- Comprehensive upgrade for bestselling pickup includes revised looks
- New 2.0-litre EcoBlue engine line up produces as much as 213hp / 500Nm
- Autonomous braking, on-board Wi-Fi and active noise cancelling all available
UPDATE: we have now driven the 2019 Ford Ranger with its new 2.0-litre engines - read our full review
It may not look much different, but this is one comprehensively updated pickup. We’ve got all the official details and pictures right here, including the price and info on the brand new 2.0-litre EcoBlue diesel engines, which deliver up to 213hp.
The performance of these engines is demonstrated in a tongue-in-cheek promo video we've included below.
Not only is there a whole new set of engines, which together with a new 10-speed automatic gearbox promise up to 9% better mpg, Ford is also introducing high-end features including standard-fit autonomous emergency braking with pedestrian detection (a class first), optional FordPass Connect on-board Wi-Fi, and even active noise cancelling to improve the refinement of top spec models.
The Amarok and the X-Class suddenly seem rather under-equipped… And that’s before you even consider the high-performance Ranger Raptor, which promises to deliver high-speed off-road capability like no other pickup on sale in Europe.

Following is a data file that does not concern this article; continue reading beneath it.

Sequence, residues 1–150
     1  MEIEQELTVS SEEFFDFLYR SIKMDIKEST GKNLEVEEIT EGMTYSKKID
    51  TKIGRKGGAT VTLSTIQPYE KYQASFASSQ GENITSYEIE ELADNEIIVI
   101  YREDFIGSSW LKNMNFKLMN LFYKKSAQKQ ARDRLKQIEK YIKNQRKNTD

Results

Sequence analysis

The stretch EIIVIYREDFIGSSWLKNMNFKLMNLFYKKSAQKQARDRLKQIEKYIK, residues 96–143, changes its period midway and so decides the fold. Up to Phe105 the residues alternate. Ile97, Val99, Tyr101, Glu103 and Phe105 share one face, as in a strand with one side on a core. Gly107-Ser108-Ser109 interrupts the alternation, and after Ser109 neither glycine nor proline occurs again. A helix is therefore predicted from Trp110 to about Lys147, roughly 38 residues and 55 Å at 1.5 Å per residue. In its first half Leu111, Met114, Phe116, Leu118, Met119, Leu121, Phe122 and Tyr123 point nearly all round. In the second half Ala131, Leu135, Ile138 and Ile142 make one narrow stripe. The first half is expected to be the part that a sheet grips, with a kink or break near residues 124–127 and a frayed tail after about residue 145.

New 2.0-litre EcoBlue engines for the 2019 Ford Ranger
The biggest news here is surely the engines. Gone are the old 2.2-litre four-cylinder units, replaced by brand new 2.0-litre EcoBlue four-cylinder motors, similar to those already used in the Ford Transit and Transit Custom.
This won’t immediately seem like good news to some people – not only do pickup buyers typically favour large engines when available, the EcoBlue units have had a bit of a tough start in Ford’s vans, with some widely reported oil service issues.
However, by this point such problems should have been ironed out, and it’s not as if the 2.0-litre engines are shy of performance. The top whack 213hp version not only has 13hp more than the old 200hp 3.2-litre five-cylinder Ranger, it also boasts an extra 30Nm of torque, enhancing its load-lugging capability.
The full 2019 Ford Ranger 2.0-litre EcoBlue engine line up is as follows:
- 130hp / 340Nm single turbo, promising 35.3mpg
- 170hp / 420Nm single turbo, promising 34.0mpg
- 213hp / 500Nm sequential bi-turbo, promising 30.7mpg
Note that the above mpg figures are the initial estimates, and may actually improve for some models in production; quoted CO2 has certainly fallen since the initial round of information was released in January 2019.
All the new engines meet the latest Euro 6d-Temp emissions regulations.
The 3.2-litre engine has also been made capable of complying with Euro 6d-Temp, and continues to be available - but only in the Ranger Wildtrak, as an option alongside the 213hp 2.0-litre.
Even the single-turbo 2.0-litre engines are said to provide quicker responses for ‘a light and more urgent feel across the rev-range’, while the sequential turbocharging of the bi-turbo engine uses a small turbo to get things going, handing over to a larger, variable-geometry high-pressure turbo for top-end performance.
And while it’s no match for the power and torque of the V6 engines available in the VW Amarok and Mercedes X-Class, it will certainly weigh less, which is another way of improving performance.
The new engines use selective catalytic reduction (SCR) with AdBlue to control harmful emissions.